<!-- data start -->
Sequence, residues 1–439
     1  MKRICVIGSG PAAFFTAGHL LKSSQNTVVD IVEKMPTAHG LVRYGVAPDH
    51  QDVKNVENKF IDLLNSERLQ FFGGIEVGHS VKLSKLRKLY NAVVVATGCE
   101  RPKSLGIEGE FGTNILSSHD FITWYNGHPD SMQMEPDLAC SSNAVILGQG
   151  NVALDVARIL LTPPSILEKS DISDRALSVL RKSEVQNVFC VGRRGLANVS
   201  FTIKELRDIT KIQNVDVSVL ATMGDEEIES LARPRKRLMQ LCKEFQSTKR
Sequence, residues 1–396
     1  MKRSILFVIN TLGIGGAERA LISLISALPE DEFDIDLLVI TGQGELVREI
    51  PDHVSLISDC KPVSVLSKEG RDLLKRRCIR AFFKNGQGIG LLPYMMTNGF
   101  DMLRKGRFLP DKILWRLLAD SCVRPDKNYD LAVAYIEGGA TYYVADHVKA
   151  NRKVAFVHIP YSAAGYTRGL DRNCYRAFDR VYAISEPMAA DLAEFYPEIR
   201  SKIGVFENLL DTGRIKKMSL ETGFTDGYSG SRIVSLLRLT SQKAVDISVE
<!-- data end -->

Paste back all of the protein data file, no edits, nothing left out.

Sequence, residues 1–439
     1  MKRICVIGSG PAAFFTAGHL LKSSQNTVVD IVEKMPTAHG LVRYGVAPDH
    51  QDVKNVENKF IDLLNSERLQ FFGGIEVGHS VKLSKLRKLY NAVVVATGCE
   101  RPKSLGIEGE FGTNILSSHD FITWYNGHPD SMQMEPDLAC SSNAVILGQG
   151  NVALDVARIL LTPPSILEKS DISDRALSVL RKSEVQNVFC VGRRGLANVS
   201  FTIKELRDIT KIQNVDVSVL ATMGDEEIES LARPRKRLMQ LCKEFQSTKR
Sequence, residues 1–396
     1  MKRSILFVIN TLGIGGAERA LISLISALPE DEFDIDLLVI TGQGELVREI
    51  PDHVSLISDC KPVSVLSKEG RDLLKRRCIR AFFKNGQGIG LLPYMMTNGF
   101  DMLRKGRFLP DKILWRLLAD SCVRPDKNYD LAVAYIEGGA TYYVADHVKA
   151  NRKVAFVHIP YSAAGYTRGL DRNCYRAFDR VYAISEPMAA DLAEFYPEIR
   201  SKIGVFENLL DTGRIKKMSL ETGFTDGYSG SRIVSLLRLT SQKAVDISVE